Exclusively in the new print issue of CounterPunch
HOW DID ABORTION RIGHTS COME TO THIS?  — Carol Hanisch charts how the right to an abortion began to erode shortly after the Roe v. Wade decision; Uber vs. the Cabbies: Ben Terrall reports on the threats posed by private car services; Remembering August 1914: Binoy Kampmark on the enduring legacy of World War I; Medical Marijuana: a Personal Odyssey: Doug Valentine goes in search of medicinal pot and a good vaporizer; Nostalgia for Socialism: Lee Ballinger surveys the longing in eastern Europe for the material guarantees of socialism. PLUS: Paul Krassner on his Six Dumbest Decisions; Kristin Kolb on the Cancer Ward; Jeffrey St. Clair on the Making of the First Un-War; Chris Floyd on the Children of Lies and Mike Whitney on why the war on ISIS is really a war on Syria.
A Poet Speaks Out About Colombia

Why I Refused Coca-Cola’s Money

by MARTIN ESPADA

My poetry reading at Kansas University tonight (March 10) is co-sponsored by Coca-Cola, through the KU Endowment Association. After giving the matter serious thought, I have decided that I cannot accept funds from Coca-Cola due to the company’s labor record in Colombia.

According to The New York Times, ninety percent of all trade union leaders killed worldwide are killed in Colombia. Thousands of trade unionists have been murdered in that country, targeted by paramilitary death squads. Thousands more have been tortured, abducted or threatened with death.

SINALTRAINAL, the National Food Workers Union, represents workers at the Coca-Cola bottling plants in Colombia. This union has been decimated. A Fact-Finding Delegation headed by Hiram Monserrate of the New York City Council identified 179 major human rights violations suffered by workers at Coke plants, including nine murders. Union leader Isidro Gil was actually shot down at the Carepa plant itself. Paramilitaries then returned to the same plant and coerced mass resignations from the union. Union leaders and others have charged that managers at Coke bottling plants in Colombia are collaborating with paramilitary forces to repress the union, pointing out that the access of paramilitaries to the plants would be impossible without management collusion.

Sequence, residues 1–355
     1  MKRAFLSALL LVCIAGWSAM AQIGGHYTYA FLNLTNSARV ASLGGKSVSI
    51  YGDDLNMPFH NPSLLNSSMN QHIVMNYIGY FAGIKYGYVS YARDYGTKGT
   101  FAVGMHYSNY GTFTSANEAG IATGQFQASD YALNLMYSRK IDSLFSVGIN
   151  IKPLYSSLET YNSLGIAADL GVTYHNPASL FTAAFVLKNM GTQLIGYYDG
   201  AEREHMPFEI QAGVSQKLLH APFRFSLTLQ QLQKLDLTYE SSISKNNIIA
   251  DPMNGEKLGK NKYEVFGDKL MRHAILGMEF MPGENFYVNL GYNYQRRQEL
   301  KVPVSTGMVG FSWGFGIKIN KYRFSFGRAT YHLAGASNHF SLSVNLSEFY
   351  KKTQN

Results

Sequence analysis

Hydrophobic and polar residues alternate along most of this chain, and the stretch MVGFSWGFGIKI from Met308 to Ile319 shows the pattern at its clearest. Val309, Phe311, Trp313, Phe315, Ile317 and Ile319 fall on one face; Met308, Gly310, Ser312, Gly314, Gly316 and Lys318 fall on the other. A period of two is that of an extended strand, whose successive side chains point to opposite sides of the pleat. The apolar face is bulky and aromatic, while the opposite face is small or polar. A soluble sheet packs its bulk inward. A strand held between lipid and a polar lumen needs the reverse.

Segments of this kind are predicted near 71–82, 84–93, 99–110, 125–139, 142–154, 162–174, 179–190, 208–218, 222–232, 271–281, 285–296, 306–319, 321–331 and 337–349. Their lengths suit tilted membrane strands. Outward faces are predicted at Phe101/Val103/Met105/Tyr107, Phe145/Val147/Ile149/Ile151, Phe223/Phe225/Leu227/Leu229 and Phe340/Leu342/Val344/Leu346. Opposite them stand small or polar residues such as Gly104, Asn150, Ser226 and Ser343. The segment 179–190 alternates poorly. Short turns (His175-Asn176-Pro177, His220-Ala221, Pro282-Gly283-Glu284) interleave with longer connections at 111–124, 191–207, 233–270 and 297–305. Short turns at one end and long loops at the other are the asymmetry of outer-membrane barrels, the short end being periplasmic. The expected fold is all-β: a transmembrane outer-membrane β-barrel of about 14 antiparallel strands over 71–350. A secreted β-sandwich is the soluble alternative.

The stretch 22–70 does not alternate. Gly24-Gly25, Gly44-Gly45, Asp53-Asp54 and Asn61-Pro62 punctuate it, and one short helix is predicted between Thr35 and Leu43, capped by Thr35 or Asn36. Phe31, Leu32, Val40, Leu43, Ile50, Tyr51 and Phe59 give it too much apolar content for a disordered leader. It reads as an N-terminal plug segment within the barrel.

The Coca-Cola company must effectively protect trade unionists. The company must examine links between plant management and paramilitaries. The company must cooperate with an independent investigation of the human rights abuses suffered by its workforce in Colombia. The company must take responsibility, instead of reacting to these charges with sputtering indignation. When profit from the misery of others is at issue, then sputtering indignation is not enough.

Until the disturbing questions about Coke’s labor record in Colombia have been answered, I cannot in good conscience accept monies from Coca-Cola or have my name associated with the company. This is a personal decision, and does not reflect on the KU Endowment Association or anyone involved in co-sponsoring my visit to KU. I am not an expert on these matters; I am learning about this crisis and trying to take an ethical position.

The simplest course would have been to refuse the Coke money outright. However, I want to go beyond symbolism. Therefore, I am donating the entire amount of Coke’s contribution to tonight’s event–twelve hundred dollars–to the National Food Workers Union in Colombia, SINALTRAINAL. Coke should not object to my financial support of a union in Colombia devastated by violence in that country. Giving up twelve hundred dollars is not easy for a poet, but the union needs the money more than I do.

For More on Coca-Cola’s activities in Colombia Visit: Killer Coke.

MARTIN ESPADA teaches poetry at the University of Massachuesetts at Amherst. He is the author of numberous books of poetry, including A Mayan Astronomer in Hell’s Kitchen, City of Coughing and Dead Radiators, Alabanza: New and Selected Poems (1982-2002) and Imagine the Angels of Bread, which won the American Book Award for Poetry.